Fundamentally, even if the country achieves any positive growth–regardless of the size–it is still troubling when we recall that the goal is to increase the country’s growth average to 5% as opposed to the 2007 to 2014 average of 2.5%.
These issues suggest that the economy needs to put its energy into improving productivity and efficiency, especially on the supply side, so as to assist the requisite boost in output.Naturally, many supply-side factors are amendable in the medium- to long term; however, work towards such goals should commence immediately, if they haven’t already begun.
Political Instability and Efficiency
And this takes me back to the issues alluded to at the beginning of this article. Among these issues, we’ve seen a spike in the political rhetoric even to the degree of The Opposition’s call for another general election to be held only months after the November 2015 vote. Political instability or the apparent lack of political stability is usually not a good signal to neither domestic nor foreign investors.
Recent studies, including a 2011 working paper by the IMF, have shown that there is a negative correlation between political instability and economic growth. In the IMF study, data for 169 countries for the years 1960 to 2004 were analysed and the researchers reported the following:
“Our results are strikingly conclusive: in line with results previously documented, political instability reduces GDP growth rates significantly. An additional cabinet change (a new premier is named and/or 50 percent of cabinet posts are occupied by new ministers) reduces the annual real GDP per capita growth rate by 2.39 percentage points. This reduction is mainly due to the negative effects of political instability on total factor productivity growth, which account for more than half of the effects on GDP growth. Political instability also affects growth through physical and human capital accumulation, with the former having a slightly larger effect than the latter. ” (Emphasis Mine) (IMF 2011, p.4).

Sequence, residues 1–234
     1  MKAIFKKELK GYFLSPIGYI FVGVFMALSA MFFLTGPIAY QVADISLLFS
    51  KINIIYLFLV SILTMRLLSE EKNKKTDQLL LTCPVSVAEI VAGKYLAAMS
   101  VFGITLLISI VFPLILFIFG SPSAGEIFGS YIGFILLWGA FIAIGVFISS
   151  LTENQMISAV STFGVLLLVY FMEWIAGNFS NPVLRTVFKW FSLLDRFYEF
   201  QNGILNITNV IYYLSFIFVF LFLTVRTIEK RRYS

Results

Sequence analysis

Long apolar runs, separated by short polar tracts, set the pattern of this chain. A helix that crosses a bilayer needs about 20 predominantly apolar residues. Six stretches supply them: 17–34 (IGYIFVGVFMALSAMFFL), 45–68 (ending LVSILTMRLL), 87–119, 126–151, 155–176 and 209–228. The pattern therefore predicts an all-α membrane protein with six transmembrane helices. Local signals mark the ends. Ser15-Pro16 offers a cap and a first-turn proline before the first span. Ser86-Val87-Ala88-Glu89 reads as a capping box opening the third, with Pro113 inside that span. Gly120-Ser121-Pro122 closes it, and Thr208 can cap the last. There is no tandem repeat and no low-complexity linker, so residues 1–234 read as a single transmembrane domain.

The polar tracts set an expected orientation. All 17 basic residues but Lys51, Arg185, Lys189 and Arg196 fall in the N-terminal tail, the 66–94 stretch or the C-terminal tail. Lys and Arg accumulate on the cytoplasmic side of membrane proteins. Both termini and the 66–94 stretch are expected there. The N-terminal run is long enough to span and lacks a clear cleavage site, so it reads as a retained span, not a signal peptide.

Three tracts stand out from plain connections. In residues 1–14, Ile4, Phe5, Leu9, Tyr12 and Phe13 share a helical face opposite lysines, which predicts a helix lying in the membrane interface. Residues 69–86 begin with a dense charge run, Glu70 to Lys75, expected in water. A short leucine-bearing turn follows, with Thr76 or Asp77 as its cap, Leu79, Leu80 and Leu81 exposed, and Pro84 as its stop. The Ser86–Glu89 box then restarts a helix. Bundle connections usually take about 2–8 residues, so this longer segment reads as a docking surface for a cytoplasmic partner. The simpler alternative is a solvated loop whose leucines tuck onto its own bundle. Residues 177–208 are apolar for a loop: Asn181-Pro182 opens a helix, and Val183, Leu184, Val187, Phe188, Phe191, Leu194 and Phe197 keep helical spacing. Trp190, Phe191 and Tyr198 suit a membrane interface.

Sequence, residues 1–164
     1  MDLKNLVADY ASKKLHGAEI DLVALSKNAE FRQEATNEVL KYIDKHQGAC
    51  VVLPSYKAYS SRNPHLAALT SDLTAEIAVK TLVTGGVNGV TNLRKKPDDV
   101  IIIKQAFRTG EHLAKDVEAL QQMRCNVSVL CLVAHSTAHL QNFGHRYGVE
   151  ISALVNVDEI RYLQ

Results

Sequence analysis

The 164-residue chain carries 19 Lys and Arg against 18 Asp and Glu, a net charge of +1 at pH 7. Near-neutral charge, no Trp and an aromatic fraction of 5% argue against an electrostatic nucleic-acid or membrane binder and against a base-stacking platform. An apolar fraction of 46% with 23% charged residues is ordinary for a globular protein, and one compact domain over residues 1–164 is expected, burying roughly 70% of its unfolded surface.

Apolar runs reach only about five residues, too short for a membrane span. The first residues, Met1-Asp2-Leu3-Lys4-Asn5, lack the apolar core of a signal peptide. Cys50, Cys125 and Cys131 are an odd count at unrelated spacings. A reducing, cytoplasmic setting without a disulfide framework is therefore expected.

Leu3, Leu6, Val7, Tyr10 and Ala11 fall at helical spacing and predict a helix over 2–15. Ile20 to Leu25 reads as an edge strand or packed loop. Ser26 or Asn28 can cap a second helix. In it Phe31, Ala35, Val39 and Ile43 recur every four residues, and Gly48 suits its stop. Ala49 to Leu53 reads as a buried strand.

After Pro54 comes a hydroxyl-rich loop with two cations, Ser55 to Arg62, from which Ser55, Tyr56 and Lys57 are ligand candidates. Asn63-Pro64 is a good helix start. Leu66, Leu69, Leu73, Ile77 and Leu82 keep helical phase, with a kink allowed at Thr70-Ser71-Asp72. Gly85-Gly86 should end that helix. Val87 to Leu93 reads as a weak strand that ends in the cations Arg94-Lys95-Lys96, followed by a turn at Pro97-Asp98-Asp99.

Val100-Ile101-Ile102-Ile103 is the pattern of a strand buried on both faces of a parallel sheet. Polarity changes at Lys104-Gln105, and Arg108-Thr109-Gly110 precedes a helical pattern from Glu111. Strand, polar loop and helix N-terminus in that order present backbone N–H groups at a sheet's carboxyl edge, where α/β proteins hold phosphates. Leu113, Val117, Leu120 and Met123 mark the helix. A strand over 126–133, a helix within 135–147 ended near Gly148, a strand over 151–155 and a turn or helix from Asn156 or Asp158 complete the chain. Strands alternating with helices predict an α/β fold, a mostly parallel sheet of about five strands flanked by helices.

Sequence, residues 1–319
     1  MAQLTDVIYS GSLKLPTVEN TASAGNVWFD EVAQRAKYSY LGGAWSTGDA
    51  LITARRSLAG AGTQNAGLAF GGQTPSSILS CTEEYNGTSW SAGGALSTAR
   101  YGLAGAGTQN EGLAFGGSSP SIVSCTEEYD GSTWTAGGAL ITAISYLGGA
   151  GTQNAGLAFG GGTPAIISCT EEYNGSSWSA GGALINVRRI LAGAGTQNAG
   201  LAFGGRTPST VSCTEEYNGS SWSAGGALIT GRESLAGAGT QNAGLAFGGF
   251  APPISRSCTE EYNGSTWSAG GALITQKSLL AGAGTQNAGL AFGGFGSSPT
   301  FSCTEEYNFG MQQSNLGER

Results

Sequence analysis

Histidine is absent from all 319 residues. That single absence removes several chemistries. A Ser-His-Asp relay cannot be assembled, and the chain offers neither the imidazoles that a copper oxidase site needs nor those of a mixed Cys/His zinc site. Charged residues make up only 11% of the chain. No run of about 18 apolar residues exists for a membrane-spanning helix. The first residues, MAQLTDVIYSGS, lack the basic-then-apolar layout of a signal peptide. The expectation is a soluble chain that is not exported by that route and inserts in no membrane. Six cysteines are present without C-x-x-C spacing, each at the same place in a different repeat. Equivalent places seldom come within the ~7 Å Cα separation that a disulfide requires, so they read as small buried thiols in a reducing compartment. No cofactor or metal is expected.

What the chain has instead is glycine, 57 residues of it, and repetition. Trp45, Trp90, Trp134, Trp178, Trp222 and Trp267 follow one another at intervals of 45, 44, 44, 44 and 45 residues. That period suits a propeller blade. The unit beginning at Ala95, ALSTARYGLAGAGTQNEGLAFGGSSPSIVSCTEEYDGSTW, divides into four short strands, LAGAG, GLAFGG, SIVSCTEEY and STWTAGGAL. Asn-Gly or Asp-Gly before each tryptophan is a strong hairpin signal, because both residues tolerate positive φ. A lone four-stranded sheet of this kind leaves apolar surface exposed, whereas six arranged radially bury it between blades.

As can be gleaned from the above quote, political instability is measured by the frequency of Cabinet Changes, that is, “the number of times in a year in which a new premier is named and/or 50 percent or more of the cabinet posts are occupied by new ministers”. This type of empirical data would lead one to strongly advise against any unnecessary change in the executive at this stage in this country’s growth path, as such instability eats away at the very thing the country needs in order to boost economic growth: productivity, as measured by “total factor productivity”.
In The End
The point here is not to attempt to dissuade or trivialise any person’s or persons’ political positions; Belize remains a functioning democracy. Instead, it is to simply state the economic facts at a time when the country is being faced with strained growth.
At this time, it is preferred that we look for bipartisan ways to augment the productivity and efficiency of our economic operations, and, at the very least, stabilise growth at the more optimistic levels for the last two quarters for 2016. Within the short-term there is a limit on what can be done structurally to strengthen growth. Consequently, the more realistic suggestion would be for us to not make worse an already discouraging economic outlook.